NSX Troubleshooting Scenario 1

Welcome to the first of what I hope to be many NSX troubleshooting posts. As someone who has been working in back-line support for many years, troubleshooting is really the bread and butter of what I do every day. Solving problems in vSphere can be challenging enough, but NSX adds another thick layer of complexity to wrap your head around.

I find that there is a lot of NSX documentation out there but most of it is on to how to configure NSX and how it works – not a whole lot on troubleshooting. What I hope to do in these posts is spark some conversation and share some of the common issues I run across from day to day. Each scenario will hopefully be a two-part post. The first will be an outline of the symptoms and problem statement along with bits of information from the environment. The second will be the solution, including the troubleshooting and investigation I did to get there. I hope to leave a gap of a few days between the problem and solution posts to give people some time to comment, ask questions and provide their thoughts on what the problem could be!

NSX Troubleshooting Scenario 1

As always, let’s start with a somewhat vague customer problem description:

“Help! I’ve deployed a new cluster (compute-b) and for some reason I can’t access internal web sites on the compute-a cluster or at any other internet site.”

Of course, this is really only a small description of what the customer believes the problem to be. One of the key tasks for anyone working in support is to scope the problem and put together an accurate problem statement. But before we begin, let’s have a look at the customer’s environment to better understand how the new compute-b cluster fits into the grand scheme of things.

Since we seem to be able to consistently reproduce the issue by using a VM called win-b1 accessing a web server called web-a1, we’ll focus on these machines for our troubleshooting.

From a high level, here is the topology of the NSX environment, including where these VMs sit:

tshoot-1

An important thing to note is that both ESGs and the DLR control VM are sitting in the compute-a cluster. Both esg-a1 and esg-a2 are in ECMP mode. Any northbound or internet traffic would need to hit cluster compute-a before leaving the environment.

The underlay L2/L3 network looks similar to:

tshoot-2

Of note here, we can see that the VXLAN VTEPs for the hosts in compute-a are in VLAN 76 and the VTEPs for compute-b are in VLAN 30. Routing between these segments is provided by a router called vyos.lab.local.

Next, let’s have a quick look at the NSX configuration. First, we can see that both clusters are prepped and have the VIBs installed:

tshoot-3

It should also be noted that the Distributed Firewall is enabled.

We can also see that the two clusters are both in the same Transport Zone, which means they’ll have access to the same Logical Switches. Take note also that each cluster has it’s own Distributed Switch.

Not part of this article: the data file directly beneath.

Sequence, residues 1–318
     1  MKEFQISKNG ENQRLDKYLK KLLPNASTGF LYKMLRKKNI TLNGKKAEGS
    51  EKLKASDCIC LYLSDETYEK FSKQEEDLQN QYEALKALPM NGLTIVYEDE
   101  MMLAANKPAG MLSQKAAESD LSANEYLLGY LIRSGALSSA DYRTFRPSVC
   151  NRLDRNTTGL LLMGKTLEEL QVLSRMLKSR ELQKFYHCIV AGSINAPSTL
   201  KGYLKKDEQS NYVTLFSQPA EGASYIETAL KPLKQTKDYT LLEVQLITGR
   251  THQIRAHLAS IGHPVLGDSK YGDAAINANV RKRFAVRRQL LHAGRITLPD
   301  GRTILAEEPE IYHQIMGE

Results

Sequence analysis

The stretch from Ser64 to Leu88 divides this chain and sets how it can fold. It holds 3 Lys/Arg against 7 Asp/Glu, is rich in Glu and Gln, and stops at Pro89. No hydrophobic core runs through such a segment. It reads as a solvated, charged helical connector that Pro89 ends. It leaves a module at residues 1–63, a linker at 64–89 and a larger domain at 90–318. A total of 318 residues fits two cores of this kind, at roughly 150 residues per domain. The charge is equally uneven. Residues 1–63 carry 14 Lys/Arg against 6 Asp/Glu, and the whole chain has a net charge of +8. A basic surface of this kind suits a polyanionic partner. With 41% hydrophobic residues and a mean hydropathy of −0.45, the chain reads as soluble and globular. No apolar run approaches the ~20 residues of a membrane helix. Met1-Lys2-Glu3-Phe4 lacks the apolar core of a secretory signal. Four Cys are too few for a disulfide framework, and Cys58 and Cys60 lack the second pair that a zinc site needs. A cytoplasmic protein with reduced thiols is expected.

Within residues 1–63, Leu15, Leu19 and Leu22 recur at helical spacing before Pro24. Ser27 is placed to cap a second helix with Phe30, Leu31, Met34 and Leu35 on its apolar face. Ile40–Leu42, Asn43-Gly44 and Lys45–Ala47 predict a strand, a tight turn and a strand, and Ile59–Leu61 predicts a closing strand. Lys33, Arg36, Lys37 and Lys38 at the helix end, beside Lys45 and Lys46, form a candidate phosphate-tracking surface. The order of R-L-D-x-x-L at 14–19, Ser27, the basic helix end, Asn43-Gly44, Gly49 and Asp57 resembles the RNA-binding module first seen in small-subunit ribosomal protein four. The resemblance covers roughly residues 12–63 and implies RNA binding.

tshoot-4

Below is a view of the VXLAN preparation. Take note that all hosts have VTEP IPs assigned and that compute-a and compute-b also have different Distributed Switches configured. Everything looks to be green. MTU is the default 1600, as expected.

tshoot-5

The Logical Switch in question is called ‘Blue Network’ running in a Unicast replication mode. Both web-a1 and win-b1 are sitting on this wire.

tshoot-6

Although the Distributed Firewall is enabled on both clusters, it doesn’t appear that any custom rules have been defined. Only the default ‘allow’ rules exist in the default section.

tshoot-7

Below is what the web-a1’s landing page looks like from a VM in compute-a when it loads correctly:

tshoot-8

And when broken from win-b1 in compute-b:

tshoot-9

So now that we’ve had a chance to see the environment and the problem for ourselves, let’s summarize some of the initial scoping done:

  1. All VMs on the logical switches can ping eachother, even between clusters. I.e. a VM in compute-a can ping a VM in compute-b and vice-versa.
  2. All VMs in compute-b can ping their DLR gateway address, and can get a DHCP address via DHCP relay without issue.
  3. All VMs in both clusters can ping northbound IPs without issue.
  4. All of the VMs in cluster compute-a can access the Apache web server linux-a1, which is also in compute-a. They can ping the web server and access it via browser.
  5. VMs in compute-b can ping the linux-a1 web server, but the landing page fails to load in a browser.
  6. VMs in compute-b can ping any northbound address, but when accessing external web sites, they will often fail to load in the same manner.
  7. DNS resolution appears to work just fine from both clusters.

Here are a few other verbal tidbits from the customer that may help:

  • There are no physical firewalls between VLAN 76 and VLAN 30, or between any other internal VLANs.
  • The DNS server and DHCP server are northbound in VLAN 10 (172.16.10.0/24).
  • BGP is the routing protocol used between the DLR, ESGs and other northbound routers.
  • The physical switches that hosts in compute-a and compute-b connect to have an MTU of 9000 set on all ports – higher than the minimum 1600 required.

So now that we’ve got a good problem statement and have done some initial scoping. It’s time to start digging in!

What’s Next?

Part 2 of this scenario is now live as of 12/5/2017! Please read on to see the solution as well as some troubleshooting techniques.

If you are interested, have a look through the information provided above and let me know what you would check or what you think the problem may be! I want to hear your suggestions!

What other information would you need to see? What tests would you run? What do you know is NOT the problem based on the information and observations here?

Please feel free to leave a comment below or via Twitter (@vswitchzero).

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